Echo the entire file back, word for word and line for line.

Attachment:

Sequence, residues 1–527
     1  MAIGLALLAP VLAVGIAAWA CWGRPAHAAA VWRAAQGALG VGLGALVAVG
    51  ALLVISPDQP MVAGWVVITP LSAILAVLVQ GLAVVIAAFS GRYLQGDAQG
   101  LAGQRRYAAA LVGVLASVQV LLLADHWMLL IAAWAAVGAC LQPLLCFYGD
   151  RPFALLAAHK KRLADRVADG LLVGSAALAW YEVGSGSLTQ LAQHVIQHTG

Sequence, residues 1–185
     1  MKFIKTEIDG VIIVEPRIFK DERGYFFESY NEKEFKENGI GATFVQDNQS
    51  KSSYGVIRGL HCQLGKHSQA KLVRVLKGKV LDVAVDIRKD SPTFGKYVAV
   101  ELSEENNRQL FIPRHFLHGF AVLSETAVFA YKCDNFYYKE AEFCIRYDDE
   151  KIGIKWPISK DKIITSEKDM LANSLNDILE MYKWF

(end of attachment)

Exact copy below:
Sequence, residues 1–527
     1  MAIGLALLAP VLAVGIAAWA CWGRPAHAAA VWRAAQGALG VGLGALVAVG
    51  ALLVISPDQP MVAGWVVITP LSAILAVLVQ GLAVVIAAFS GRYLQGDAQG
   101  LAGQRRYAAA LVGVLASVQV LLLADHWMLL IAAWAAVGAC LQPLLCFYGD
   151  RPFALLAAHK KRLADRVADG LLVGSAALAW YEVGSGSLTQ LAQHVIQHTG

Sequence, residues 1–185
     1  MKFIKTEIDG VIIVEPRIFK DERGYFFESY NEKEFKENGI GATFVQDNQS
    51  KSSYGVIRGL HCQLGKHSQA KLVRVLKGKV LDVAVDIRKD SPTFGKYVAV
   101  ELSEENNRQL FIPRHFLHGF AVLSETAVFA YKCDNFYYKE AEFCIRYDDE
   151  KIGIKWPISK DKIITSEKDM LANSLNDILE MYKWF